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Scientists Find a Better Way To Pour Champagne

samzenpus posted more than 3 years ago | from the straight-into-my-mouth? dept.

Idle 15

BuzzSkyline writes "It's better to pour Champagne the way a good bartender draws a beer, by running it down the inside surface of the glass. The revelation, which appears in July 2010 issue of the Journal of Agricultural and Food Chemistry, flies in the face of age-old French traditions, which require the bubbly to be poured in a stream that free-falls straight down the center of a champagne flute. By using infrared thermography to image the carbon dioxide that escapes over the rim of a Champagne glass for various style pours, the researchers proved that the gentler, beer-like technique allows the wine to retain more of the dissolved gas that is critical to the whole Champagne experience."

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15 comments

je ne suis pas d'accord (1)

mininab (1544283) | more than 3 years ago | (#33301508)

As a french chemist, I have to disagree. The best Champagne experience doesn't mean having as much gas as possible ! I completely agree serving it "freefalling" lets a lot of gas out, but that's precisely the point. Plus it is served in two times, the first draw gets really bubbly, and during the second, the liquid hits the bubbles from the already poured liquid instead of the glass, and releases a lot less gas. By waiting more or less between the two, you can influence how much gas will be left in the first pour, and, with training, get to the real Champagne experience.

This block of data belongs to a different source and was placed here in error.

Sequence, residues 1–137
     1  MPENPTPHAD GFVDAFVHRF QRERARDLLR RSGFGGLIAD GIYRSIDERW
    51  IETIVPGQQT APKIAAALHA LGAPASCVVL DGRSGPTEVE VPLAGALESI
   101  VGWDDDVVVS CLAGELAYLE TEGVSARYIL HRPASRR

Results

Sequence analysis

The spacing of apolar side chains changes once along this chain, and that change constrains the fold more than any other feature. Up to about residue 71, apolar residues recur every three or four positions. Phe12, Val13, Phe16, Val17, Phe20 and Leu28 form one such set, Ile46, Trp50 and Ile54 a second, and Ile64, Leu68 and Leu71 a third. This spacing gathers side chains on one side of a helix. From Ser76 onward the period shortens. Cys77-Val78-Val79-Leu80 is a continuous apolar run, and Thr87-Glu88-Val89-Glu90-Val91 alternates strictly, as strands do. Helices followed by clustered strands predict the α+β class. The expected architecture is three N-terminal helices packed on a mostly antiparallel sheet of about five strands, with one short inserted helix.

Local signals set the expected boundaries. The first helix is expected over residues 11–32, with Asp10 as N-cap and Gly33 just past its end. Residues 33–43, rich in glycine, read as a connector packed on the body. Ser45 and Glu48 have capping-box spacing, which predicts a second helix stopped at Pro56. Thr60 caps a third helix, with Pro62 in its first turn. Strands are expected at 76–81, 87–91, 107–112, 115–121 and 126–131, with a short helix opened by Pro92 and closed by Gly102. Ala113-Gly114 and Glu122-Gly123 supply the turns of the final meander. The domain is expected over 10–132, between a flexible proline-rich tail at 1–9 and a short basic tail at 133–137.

Re:je ne suis pas d'accord (0)

Anonymous Coward | more than 3 years ago | (#33301956)

Je suis entièrement de votre avis.

Le lâche anonyme.

Wow, I got that one right ... (2, Interesting)

gstoddart (321705) | more than 3 years ago | (#33302236)

Not being aware of the Fancy French technique, I've always poured Champagne like this (ok, "sparkling wine" since "real champagne" is too spendy). Precisely because it doesn't froth up like mad, just like pouring beer.

This just in .. poncy table-side service is more about flash than substance. Who knew?

Of course, this brings up the debate of which is the correct champagne glass -- the flute, or the wide/shallow one? It seems to have changed over the last several decades -- at least, in movies and the like.

Re:Wow, I got that one right ... (1)

John Hasler (414242) | more than 3 years ago | (#33302362)

Of course, this brings up the debate of which is the correct champagne glass -- the flute, or the wide/shallow one?

Neither. Drink it out of a styrofoam cup.

Re:Wow, I got that one right ... (1)

gstoddart (321705) | more than 3 years ago | (#33302414)

Neither. Drink it out of a styrofoam cup.

*laugh* At that point, shouldn't I just leave the bottle in the paper bag?

Re:Wow, I got that one right ... (0)

Anonymous Coward | more than 3 years ago | (#33306960)

Drink it strait from the tap on the side of the box!

Re:Wow, I got that one right ... (1)